Chen Chen is an Assistant Professor and the deputy director in the Asian Demographic Research Institute at Shanghai University. She received her Ph.D. from the Department of Geography at UCLA. Her research employs quantitative and qualitative methods to understand changing patterns of migration both to and within China, including in relation to family, gender and generation. She also works as the deputy director of ADRI, and serves as a member of the Population Geography Committee of the Geographical Society of China.
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Li, Zhen and Chen, Chen. 2020. “Current patterns of inter-provincial return migration and the relocation of inter-provincial return migrants in China: A study based on fixed-interval migration data.” Renkou yu Fazhan (Population and Development), (4): 2-13 (in Chinese).
Chen, Chen. 2019. “Why migrant workers in China continue to build large houses in home villages: A case study of a migrant-sending village in Anhui.” Modern China, 46(5):521-554. https://doi.org/10.1177/0097700419875393
Chen, Chen and C. Cindy Fan. 2018. “Gender and generational differences in first outward-and first inward-moves: An event-history analysis of rural migrants in China.” Environment and Planning A: Economy and Space, 50(8), 1646-1669. https://doi.org/10.1177%2F0308518X18782709
Chen, Chen. 2018. “The risk of conducting the first return migration between 1980 and 2009 -- A survival analysis of migrant workers’ individual migration history.” Renkou yu Jingji (Population and Economy), (5): 91-99 (in Chinese).
C. Cindy Fan and Chen, Chen. 2014. “The new-generation migrant workers in China”, in Rural Migrants in Urban China: Enclaves and Transient Urbanism, edited by Fulong Wu et al., Routledge: 17-35.
Bai, Nansheng, Chen, Chen, and Long Wenjin. 2011. “The impact of rural-urban migration on left- behind children's educational performance”, in Left-behind Population in Rural China, Social Sciences Academic Press: 26-42 (in Chinese).
Bai, Nansheng, Li, Jing and Chen, Chen. 2007. “Children’s migration, income transfer and agricultural labor supply of rural elders: An empirical study of left-behind elderly in Anhui, China”. Zhongguo Nongcun Jingji (China Rural Economics) (10): 46-52 (in Chinese).
📖Anthropology of Risk and Disasters
Every year, thousands of people die in disasters, millions are displaced, and billions of dollars are lost in damages. Are disasters natural? How does culture shape the experience and actions of victims, volunteers, and response agencies? Through investigating the perspectives and experiences of survivors and of the staff members at NGOs and governmental agencies, including as reflected in ethnographies, oral histories and films, this course aims at understanding how risk perception and disaster response are interacting with contemporary politics, economic trends, gender and ethnic relations, technological advancement, climate change and globalization. In this course, you will be expected to do reading, participate in class discussions and presentations, complete homework assignments, and turn in the final paper. Classes will include lecture, discussion of readings, and student presentations.
Week 1: Course overview; Anthropological perspectives of risks and disasters
Week 2: Vocabulary in Anthropology; risk; vulnerability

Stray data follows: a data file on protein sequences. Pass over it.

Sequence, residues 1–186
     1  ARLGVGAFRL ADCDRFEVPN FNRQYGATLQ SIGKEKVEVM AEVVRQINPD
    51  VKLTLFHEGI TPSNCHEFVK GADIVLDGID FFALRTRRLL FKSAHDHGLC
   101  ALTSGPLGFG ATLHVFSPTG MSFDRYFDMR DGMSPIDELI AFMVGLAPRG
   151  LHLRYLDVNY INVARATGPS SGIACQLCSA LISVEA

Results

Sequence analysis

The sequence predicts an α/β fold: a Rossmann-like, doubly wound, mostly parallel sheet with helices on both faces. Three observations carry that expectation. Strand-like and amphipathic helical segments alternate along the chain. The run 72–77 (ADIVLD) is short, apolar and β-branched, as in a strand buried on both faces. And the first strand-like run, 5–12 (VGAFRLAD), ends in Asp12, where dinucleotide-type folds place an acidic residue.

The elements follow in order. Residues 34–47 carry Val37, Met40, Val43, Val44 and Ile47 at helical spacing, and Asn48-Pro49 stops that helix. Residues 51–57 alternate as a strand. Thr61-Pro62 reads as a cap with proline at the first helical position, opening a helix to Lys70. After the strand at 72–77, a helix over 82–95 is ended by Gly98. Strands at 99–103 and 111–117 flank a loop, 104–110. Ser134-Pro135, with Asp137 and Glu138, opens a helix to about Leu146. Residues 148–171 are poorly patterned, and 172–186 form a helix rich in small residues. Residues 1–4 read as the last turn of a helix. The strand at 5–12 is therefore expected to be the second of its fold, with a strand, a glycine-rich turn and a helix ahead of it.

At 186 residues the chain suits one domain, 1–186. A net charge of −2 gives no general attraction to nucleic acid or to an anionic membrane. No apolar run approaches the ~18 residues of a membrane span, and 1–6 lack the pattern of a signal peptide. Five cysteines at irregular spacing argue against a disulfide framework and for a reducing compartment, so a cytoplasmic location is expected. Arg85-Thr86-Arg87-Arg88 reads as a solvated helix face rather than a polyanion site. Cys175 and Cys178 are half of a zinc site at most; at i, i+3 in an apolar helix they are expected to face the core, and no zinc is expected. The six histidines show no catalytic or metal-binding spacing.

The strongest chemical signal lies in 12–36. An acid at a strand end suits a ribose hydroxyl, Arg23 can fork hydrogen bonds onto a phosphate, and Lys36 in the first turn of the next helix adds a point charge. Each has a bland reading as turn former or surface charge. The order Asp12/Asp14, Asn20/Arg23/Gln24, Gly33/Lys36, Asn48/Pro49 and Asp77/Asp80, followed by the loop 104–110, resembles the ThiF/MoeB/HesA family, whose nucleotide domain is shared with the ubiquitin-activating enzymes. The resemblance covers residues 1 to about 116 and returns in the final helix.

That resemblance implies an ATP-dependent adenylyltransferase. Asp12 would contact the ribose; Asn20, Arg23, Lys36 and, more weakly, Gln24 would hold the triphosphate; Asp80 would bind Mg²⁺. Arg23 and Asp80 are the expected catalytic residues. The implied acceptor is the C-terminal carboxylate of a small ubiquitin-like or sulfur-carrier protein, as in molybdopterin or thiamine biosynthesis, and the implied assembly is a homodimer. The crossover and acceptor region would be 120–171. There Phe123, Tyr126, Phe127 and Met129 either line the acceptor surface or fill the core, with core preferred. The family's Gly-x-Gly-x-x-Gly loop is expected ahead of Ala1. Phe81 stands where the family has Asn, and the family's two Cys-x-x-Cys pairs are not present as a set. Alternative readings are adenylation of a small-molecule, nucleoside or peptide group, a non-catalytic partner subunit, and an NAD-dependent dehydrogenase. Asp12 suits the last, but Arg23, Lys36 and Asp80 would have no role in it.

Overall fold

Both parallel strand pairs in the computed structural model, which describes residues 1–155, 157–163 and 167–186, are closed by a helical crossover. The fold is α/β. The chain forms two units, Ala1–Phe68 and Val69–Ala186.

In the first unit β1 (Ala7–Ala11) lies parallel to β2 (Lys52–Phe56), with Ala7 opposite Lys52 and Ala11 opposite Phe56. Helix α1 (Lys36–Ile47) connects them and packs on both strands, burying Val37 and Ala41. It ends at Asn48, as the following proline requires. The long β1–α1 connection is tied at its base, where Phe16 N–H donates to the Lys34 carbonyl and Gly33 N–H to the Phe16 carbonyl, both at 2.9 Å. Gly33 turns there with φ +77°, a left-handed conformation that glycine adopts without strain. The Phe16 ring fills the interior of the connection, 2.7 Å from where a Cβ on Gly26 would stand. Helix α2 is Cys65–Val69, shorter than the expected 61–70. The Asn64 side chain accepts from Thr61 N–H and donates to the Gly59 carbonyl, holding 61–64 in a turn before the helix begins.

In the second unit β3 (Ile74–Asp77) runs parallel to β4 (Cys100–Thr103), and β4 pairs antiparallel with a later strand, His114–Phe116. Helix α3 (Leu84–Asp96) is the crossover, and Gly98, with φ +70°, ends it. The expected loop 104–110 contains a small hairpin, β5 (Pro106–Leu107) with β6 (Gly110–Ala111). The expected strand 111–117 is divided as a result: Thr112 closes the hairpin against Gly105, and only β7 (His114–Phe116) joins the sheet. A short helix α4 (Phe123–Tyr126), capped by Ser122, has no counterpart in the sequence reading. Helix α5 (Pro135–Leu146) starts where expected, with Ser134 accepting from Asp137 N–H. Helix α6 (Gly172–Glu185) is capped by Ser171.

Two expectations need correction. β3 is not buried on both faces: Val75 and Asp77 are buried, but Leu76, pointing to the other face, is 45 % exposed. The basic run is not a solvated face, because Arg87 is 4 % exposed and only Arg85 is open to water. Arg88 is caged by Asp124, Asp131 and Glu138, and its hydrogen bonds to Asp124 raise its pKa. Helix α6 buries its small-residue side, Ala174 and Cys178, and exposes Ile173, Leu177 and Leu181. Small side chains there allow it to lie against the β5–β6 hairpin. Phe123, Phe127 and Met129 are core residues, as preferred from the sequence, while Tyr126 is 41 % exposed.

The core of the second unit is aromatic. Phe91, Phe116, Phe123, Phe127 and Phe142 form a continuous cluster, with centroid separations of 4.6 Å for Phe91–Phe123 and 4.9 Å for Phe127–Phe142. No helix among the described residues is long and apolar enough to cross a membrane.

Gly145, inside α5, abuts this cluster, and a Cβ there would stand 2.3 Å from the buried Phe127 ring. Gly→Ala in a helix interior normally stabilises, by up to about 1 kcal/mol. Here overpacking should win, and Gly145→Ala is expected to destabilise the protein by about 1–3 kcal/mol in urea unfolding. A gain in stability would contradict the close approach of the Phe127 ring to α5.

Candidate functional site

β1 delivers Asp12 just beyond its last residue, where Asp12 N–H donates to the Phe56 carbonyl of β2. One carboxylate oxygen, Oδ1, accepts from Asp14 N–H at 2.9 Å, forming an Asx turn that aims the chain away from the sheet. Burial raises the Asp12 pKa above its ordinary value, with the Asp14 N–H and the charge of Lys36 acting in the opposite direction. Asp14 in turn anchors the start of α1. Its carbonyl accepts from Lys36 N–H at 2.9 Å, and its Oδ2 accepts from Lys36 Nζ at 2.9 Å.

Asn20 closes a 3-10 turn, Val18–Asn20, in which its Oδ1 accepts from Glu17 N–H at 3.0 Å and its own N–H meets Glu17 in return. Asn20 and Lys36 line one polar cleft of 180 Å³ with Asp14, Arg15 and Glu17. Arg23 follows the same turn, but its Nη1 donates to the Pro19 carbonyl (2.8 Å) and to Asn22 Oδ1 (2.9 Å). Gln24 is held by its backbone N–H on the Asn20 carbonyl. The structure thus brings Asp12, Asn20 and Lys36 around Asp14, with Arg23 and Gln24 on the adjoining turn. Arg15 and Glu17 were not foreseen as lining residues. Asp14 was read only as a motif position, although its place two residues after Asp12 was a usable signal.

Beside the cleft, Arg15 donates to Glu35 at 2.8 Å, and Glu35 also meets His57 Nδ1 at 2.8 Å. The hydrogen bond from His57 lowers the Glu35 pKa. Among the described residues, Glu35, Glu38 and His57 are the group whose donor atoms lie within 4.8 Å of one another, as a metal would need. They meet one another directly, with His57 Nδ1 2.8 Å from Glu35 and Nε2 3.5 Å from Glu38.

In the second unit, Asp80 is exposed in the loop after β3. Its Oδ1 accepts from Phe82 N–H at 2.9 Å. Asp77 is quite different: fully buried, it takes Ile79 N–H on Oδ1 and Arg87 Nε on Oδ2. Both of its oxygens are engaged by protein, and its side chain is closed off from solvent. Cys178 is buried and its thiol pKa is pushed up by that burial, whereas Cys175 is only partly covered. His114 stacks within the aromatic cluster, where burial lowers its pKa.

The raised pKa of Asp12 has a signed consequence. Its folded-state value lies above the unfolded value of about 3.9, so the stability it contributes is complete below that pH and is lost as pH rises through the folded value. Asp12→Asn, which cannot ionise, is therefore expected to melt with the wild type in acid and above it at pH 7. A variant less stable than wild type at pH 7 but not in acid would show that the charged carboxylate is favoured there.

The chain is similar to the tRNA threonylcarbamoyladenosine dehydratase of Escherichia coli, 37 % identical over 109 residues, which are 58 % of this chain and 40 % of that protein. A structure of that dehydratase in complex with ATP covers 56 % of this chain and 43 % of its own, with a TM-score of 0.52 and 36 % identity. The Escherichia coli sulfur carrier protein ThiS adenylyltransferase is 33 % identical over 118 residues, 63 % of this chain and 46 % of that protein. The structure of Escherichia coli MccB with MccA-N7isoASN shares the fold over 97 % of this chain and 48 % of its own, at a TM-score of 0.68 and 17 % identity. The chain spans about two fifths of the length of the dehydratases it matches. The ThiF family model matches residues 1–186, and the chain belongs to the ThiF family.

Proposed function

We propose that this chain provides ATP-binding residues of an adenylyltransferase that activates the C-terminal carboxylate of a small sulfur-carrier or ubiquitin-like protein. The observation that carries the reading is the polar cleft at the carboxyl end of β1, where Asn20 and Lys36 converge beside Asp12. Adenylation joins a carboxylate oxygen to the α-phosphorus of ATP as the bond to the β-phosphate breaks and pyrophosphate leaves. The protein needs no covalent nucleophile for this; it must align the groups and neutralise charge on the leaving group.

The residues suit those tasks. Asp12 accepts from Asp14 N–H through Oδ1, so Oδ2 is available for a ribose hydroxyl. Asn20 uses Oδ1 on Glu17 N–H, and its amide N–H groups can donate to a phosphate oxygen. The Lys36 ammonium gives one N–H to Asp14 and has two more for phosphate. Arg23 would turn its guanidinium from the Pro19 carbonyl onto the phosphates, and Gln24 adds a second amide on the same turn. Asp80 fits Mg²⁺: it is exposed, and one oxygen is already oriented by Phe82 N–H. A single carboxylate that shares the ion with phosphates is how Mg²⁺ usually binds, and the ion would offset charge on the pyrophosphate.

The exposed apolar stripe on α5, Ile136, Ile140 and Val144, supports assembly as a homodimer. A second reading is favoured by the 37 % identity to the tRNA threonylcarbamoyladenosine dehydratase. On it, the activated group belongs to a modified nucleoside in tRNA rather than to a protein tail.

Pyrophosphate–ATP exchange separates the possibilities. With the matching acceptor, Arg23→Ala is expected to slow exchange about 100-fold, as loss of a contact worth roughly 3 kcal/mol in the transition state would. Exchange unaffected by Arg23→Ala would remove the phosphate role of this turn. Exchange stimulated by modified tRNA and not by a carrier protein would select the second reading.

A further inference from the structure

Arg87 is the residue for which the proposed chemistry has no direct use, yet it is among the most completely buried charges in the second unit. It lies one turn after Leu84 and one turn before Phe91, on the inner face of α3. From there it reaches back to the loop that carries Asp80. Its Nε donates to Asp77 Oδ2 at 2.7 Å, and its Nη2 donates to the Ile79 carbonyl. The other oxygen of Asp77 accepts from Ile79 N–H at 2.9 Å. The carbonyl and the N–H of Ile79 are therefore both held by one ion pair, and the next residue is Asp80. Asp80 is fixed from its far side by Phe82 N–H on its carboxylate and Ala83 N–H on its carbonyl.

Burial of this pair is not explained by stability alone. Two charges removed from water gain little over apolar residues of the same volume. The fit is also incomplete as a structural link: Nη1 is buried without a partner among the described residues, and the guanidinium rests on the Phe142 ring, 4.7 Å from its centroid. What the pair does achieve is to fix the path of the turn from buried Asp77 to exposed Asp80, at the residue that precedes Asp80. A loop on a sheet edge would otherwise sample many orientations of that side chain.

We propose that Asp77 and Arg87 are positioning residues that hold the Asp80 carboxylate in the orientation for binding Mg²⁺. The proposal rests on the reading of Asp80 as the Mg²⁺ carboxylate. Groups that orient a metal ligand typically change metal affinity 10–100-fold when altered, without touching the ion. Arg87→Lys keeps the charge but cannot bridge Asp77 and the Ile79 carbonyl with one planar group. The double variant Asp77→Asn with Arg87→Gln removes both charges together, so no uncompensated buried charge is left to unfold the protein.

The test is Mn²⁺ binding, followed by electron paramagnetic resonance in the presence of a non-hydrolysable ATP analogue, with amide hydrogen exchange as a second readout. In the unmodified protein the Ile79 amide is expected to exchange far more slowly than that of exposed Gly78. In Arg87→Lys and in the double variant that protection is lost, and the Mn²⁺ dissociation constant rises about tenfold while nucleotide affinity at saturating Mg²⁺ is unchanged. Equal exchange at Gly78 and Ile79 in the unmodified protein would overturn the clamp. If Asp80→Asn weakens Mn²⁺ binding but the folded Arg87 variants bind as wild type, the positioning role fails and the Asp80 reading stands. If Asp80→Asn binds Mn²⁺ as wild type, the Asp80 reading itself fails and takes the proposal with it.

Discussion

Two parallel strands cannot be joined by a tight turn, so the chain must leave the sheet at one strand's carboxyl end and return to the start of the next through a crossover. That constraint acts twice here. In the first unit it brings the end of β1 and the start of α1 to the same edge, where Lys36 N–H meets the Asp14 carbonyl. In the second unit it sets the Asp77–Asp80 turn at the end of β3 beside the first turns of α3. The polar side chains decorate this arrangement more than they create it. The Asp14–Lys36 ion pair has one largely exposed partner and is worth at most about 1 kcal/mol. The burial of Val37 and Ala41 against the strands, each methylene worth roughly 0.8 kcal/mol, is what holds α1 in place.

Week 3: Key terms and theories in Anthropology of risks and disasters
Week 4: Vulnerability and resilience
Week 5: Risks, disasters, and modernity
Week 6: Ethnography and methods in Anthropology
Week 7: Gender in disasters
Week 8: policy, economy, and disasters
Week 9: Localization of risk perception and disaster response
Week 10: Student presentation of the final paper
Is an aging population something to worry about? What are the effects of family-planning policies? Do migrants compete with locals for jobs? Many of today’s critical social issues are related to population size, structure, or composition, and where these issues occur can make the answers different. Population geographers study how location matters to demographic issues and processes. This course is an introduction to population geography. Major topics in this course include fertility, mortality, and migration, with a focus on how they differ across time and space. With respect to each of these topics, we will learn a set of tools for measuring and describing population processes, data, and population composition. We will also discuss how social issues are related to demography and population geography.
Three major sets of questions will be explored in this course:
What do we know about a population at certain time, in a particular place? (What data sources are available? How can the data be modeled? How can we interpret the data?)
What is the significance of population size, structure, composition, and change? How do these aspects of population affect the economy, society, and culture?
How do populations compare across different regions and what can we learn from the comparisons?
At the end of this course, students should be able to evaluate claims about population issues that occur in different socioeconomic contexts. You should also understand what population geographers do and how they conduct their research. You will also gain some insight into how population geography is relevant to other areas of social science.
Week 1: Introduction
Week 2: Population Data
Week 3: Fertility
Week 4: Mortality
Week 5: Internal Migration
Week 6: International Migration
Week 7: Refugees & internally displaced persons
Week 8: Population Policies
Week 9: Practicing Population Geography
Week 10: In-class Presentation